The war on drugs, like all wars, is actually a war on people. It has an endless list of disastrous and tragic social consequences that reaches to the very heavens. In this episode of the bikecast, I focus on one of the most pernicious and long lasting effects of this type of psychotic state program–what I call the “winding up of violence”.
By applying ever-increasing levels of force in an attempt to control voluntary human interactions, international drug policy weeds out all but the most lunatic element of the black market. It then makes this element very, very, very rich and gives them monopoly on the use of violence over a geographical region (just like their larger counterpart, the state!). Even if the drug war were to end tomorrow, the violence in places like the U.S. – Mexico border will take decades of ongoing human misery to wind down.
Prohibiting commodities of any sort has two effects that I want to concentrate on. First, it tends to remove peaceful, honest business-people from the production and distribution processes. For obvious reasons, most farmers won’t grow that which is illegal and most distributors (pharmacists in many instances related to the drug war) won’t stock illegal products. The exceptions to this tendency are people who don’t have good prospects in the conduct of legal business. People who are already distrusted, who have a tendency toward violent dealings or who otherwise prefer not to rely on the legal market will fill the spots vacated in the newly criminalized market sector.
The greater the degree of prohibition, the more this tendency will increase. At the level of open warfare that exists between the drug cartels and the north and central american states, only the most desperate and brutal criminal elements are willing to risk traffic large amounts of product. All but the most casual growers and sellers face threats so large that any reasonable alternative source of income is preferable.
The second effect that I want to look at is that prohibition drives the price of the commodity artificially high because of the new overhead of avoiding or bribing law enforcement and the associated risk of imprisonment and death.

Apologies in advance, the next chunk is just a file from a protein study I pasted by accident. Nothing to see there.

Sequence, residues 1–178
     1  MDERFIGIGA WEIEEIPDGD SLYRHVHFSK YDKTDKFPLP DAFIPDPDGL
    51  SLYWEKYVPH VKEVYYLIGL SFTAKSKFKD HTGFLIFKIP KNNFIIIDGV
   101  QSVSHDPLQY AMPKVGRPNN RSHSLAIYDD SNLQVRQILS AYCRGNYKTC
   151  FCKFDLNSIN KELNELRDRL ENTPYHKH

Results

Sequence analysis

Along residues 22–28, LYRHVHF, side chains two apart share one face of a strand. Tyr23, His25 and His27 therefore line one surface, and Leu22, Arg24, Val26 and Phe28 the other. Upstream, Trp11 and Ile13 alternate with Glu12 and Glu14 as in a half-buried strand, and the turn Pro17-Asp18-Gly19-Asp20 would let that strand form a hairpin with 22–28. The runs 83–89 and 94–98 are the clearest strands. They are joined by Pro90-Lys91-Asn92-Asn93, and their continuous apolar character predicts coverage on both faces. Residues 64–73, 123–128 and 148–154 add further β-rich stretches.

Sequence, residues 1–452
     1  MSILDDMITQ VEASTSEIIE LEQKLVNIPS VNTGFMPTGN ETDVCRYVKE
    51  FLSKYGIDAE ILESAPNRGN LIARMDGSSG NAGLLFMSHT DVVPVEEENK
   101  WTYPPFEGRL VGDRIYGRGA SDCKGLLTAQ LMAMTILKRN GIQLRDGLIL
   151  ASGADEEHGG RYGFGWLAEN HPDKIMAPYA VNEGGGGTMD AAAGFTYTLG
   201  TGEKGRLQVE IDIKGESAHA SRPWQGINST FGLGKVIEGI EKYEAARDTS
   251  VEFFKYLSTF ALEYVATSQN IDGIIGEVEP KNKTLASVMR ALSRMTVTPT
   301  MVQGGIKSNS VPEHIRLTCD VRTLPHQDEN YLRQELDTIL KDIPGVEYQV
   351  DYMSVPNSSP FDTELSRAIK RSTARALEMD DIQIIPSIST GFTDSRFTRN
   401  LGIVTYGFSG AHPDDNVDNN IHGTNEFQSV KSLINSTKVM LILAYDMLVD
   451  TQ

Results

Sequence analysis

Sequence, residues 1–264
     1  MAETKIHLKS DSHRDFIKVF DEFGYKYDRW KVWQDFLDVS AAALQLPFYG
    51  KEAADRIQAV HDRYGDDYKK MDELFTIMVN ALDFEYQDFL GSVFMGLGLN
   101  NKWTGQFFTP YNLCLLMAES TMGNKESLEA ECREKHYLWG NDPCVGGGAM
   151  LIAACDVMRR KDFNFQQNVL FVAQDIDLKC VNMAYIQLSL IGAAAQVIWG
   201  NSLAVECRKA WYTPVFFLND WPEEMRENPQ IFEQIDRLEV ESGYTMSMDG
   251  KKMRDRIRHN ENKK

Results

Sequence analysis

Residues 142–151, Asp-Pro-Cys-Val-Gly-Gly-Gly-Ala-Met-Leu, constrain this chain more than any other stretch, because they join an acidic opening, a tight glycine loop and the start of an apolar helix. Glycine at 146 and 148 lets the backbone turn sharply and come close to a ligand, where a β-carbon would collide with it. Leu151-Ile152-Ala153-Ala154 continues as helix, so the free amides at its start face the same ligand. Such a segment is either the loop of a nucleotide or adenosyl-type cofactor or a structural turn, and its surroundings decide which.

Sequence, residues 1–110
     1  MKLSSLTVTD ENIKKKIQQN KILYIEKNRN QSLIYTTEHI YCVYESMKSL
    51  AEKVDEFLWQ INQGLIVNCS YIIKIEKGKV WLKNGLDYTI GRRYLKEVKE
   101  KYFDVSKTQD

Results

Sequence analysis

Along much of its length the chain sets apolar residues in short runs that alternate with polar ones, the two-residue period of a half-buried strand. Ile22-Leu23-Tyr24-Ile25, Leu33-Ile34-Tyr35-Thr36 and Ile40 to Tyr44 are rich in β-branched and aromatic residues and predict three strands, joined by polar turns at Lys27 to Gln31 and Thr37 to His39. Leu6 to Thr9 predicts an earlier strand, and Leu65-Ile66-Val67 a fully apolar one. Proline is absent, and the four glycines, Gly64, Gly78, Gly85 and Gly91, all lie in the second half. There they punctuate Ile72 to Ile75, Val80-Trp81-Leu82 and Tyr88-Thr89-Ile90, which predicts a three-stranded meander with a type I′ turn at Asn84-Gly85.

One result of the price increase is that it becomes profitable to grow the market for the illegal substance in a way that it previously was not. If a drug costs a few cents per dose, it’s not (very) profitable to try and get another customer interested in long term use of the drug.
Once the price goes up to dollars or tens of dollars per dose, the seller has a much greater motivation to seek out new customers. Thus the salesman, who formerly served existing customers becomes a “pusher” who gives away free samples and travels from schoolyard to schoolyard attempting to maximize his customer base.
The consequence of price increase that I want to focus on for this discussion is a far more primary effect. Whoever gains control over part of the market for an illegal substance has an artificially inflated source of wealth with which to grow and protect the operation. Again, the greater the effort put into prohibition, the greater the increase in price.
Over time, the interaction of these two factors leads to large, well armed, and ruthless organizations with a steady stream of tremendous wealth. This is what we see today on the us-mexican border, in columbia and afghanistan.
These changes have taken place over a period of decades and the misery will continue to escalate in response to further increases in the violence used for prohibition.